Reiter's syndrome (reactive arthritis)


General or Other | Rheumatology | Reiter's syndrome (reactive arthritis) (Disease)


Description

Reactive arthritis (Reiter's syndrome or Reiter's arthritis), is classified as an autoimmune condition that develops in response to an infection in another part of the body (cross-reactivity). Coming into contact with bacteria and developing an infection can trigger the disease.

Reiter's syndrome has symptoms similar to various other conditions collectively known as arthritis. By the time the patient presents with symptoms, oftentimes the trigger infection has been cured or is in remission in chronic cases, thus making determination of the initial cause difficult.

The triad of symptoms include: an inflammatory arthritis of large joints including commonly the knee and the back (due to involvement of the sacroiliac joint), inflammation of the eyes in the form of conjunctivitis or uveitis, and urethritis in men or cervicitis in women. Patients can also present with mucocutaneous lesions, as well as psoriasis-like skin lesions such as circinate balanitis, and keratoderma blennorrhagica. Enthesitis can involve the Achilles tendon resulting in heel pain.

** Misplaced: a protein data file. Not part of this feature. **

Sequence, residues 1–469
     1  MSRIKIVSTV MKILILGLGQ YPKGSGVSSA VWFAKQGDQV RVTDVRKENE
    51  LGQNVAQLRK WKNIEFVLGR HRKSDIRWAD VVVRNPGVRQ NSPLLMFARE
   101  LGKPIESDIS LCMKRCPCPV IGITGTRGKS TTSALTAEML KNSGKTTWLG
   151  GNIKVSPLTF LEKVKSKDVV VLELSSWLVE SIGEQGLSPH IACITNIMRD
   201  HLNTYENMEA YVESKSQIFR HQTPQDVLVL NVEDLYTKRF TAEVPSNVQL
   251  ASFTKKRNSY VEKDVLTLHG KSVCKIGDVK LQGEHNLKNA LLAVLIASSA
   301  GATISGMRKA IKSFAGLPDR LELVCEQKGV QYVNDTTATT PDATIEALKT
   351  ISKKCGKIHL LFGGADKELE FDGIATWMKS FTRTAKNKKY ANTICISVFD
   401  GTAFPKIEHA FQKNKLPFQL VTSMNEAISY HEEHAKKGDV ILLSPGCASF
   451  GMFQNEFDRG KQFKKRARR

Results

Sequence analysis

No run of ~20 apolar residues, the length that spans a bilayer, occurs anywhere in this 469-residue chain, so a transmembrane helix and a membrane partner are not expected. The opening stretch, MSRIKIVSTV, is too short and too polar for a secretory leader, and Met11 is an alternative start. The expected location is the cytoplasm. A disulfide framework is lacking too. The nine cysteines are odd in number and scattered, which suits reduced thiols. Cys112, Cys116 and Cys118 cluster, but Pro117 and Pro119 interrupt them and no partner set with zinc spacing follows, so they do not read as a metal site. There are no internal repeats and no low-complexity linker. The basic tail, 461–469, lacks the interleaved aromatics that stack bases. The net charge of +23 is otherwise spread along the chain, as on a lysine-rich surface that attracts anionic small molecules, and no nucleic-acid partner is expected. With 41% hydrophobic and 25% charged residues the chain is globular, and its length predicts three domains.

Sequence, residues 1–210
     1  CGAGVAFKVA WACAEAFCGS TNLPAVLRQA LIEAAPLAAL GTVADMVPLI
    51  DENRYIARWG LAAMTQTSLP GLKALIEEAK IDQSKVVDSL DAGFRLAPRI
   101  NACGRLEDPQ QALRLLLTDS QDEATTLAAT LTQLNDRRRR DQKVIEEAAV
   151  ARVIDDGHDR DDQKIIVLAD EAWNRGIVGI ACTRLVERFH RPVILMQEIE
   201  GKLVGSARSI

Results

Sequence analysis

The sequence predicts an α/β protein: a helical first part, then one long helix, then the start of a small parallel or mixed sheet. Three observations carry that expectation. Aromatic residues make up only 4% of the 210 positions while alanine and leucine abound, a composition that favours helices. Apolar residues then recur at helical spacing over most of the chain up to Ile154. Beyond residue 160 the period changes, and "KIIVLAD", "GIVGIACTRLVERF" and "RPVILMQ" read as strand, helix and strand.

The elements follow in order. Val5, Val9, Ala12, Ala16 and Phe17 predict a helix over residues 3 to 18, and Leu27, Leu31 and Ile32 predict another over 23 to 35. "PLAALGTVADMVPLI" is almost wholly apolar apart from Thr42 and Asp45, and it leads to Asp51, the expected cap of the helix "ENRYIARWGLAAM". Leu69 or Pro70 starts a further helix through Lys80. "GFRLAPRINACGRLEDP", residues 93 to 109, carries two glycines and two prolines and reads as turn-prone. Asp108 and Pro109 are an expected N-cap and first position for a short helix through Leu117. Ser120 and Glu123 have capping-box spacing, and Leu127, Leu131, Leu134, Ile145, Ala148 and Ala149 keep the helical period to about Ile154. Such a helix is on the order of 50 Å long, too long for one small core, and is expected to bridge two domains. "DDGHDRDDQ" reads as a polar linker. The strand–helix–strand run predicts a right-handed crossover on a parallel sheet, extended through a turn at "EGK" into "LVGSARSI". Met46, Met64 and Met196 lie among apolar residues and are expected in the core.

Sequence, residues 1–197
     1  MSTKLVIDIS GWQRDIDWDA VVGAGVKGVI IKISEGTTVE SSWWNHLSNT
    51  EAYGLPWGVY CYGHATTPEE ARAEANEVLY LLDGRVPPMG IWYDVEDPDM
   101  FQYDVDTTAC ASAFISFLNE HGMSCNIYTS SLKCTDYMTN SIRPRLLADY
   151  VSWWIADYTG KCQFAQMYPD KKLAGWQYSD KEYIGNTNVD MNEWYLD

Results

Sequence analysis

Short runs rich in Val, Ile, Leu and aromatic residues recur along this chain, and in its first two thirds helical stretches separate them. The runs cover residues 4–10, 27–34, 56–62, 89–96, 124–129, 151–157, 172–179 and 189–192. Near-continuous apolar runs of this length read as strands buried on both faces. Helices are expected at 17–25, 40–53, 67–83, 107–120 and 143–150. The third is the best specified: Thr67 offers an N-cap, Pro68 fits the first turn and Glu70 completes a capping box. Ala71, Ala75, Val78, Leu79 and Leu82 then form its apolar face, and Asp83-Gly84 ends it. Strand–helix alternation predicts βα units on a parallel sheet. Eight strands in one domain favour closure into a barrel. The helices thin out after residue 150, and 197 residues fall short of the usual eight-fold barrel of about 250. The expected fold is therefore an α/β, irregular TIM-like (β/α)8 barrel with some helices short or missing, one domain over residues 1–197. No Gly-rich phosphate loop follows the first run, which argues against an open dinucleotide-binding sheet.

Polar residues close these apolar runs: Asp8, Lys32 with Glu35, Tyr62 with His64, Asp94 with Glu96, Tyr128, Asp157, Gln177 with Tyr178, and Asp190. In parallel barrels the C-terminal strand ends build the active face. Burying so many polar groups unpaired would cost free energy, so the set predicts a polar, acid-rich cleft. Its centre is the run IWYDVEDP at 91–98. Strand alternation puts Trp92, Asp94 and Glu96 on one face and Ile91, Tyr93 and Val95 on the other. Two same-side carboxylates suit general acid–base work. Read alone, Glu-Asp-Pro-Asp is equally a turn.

Not all affected persons have all the manifestations, and the formal definition of the disease is the occurrence of otherwise unexplained non-infectious inflammatory arthritis combined with urethritis in men, or cervicitis in women.

Causes and Risk factors

Reactive arthritis most commonly strikes individuals aged 20–40 years of age and is more common in men than in women. Patients with HIV have an increased risk of developing reactive arthritis as well.

Diagnosis and Treatment

The objective of treatment is to reduce joint pain and inflammation; prevent or decrease the amount of joint damage; and restore the function of damaged joints. Treatment includes medications, rest, joint protection, and special exercises.

The most common drugs used are non-steroidal anti-inflammatory drugs (NSAIDS). In severe cases, folic acid antagonists such as methotrexate may relieve joint inflammation.

In addition to medications, splints may be prescribed to limit movement, as this protects joints. Special exercises are recommended to maintain muscle strength and increase the range of motion. ...